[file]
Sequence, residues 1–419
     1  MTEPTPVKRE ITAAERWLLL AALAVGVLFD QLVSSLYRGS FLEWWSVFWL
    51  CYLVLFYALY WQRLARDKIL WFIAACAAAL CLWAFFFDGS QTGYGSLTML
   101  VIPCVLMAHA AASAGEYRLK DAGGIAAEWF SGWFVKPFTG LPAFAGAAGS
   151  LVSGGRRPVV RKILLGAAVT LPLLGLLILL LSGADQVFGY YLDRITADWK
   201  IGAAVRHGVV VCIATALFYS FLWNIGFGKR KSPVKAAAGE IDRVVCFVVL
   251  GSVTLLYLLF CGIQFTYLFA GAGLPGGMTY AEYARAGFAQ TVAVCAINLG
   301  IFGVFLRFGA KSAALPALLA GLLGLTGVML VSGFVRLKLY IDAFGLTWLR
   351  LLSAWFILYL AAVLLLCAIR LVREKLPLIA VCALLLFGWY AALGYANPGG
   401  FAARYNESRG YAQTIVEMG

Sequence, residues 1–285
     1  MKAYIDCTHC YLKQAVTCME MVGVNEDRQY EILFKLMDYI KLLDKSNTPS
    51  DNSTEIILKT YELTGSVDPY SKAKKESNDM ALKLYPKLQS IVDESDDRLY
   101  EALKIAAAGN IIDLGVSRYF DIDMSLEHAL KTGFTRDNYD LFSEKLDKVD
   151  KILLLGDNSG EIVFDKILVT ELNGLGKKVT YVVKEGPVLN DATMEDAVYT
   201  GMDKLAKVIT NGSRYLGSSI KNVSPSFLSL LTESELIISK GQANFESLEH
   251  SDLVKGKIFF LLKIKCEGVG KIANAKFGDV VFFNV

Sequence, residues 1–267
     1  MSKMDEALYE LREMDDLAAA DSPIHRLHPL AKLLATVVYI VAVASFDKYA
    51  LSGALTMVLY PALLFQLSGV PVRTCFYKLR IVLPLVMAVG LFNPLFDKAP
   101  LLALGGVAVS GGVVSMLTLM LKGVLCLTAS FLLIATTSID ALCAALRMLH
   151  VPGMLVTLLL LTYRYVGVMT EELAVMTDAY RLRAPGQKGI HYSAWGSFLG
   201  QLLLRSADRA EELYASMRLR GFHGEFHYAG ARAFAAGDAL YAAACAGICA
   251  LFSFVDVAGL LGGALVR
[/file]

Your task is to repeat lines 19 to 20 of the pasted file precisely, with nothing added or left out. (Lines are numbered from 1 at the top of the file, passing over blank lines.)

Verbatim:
     1  MSKMDEALYE LREMDDLAAA DSPIHRLHPL AKLLATVVYI VAVASFDKYA
    51  LSGALTMVLY PALLFQLSGV PVRTCFYKLR IVLPLVMAVG LFNPLFDKAP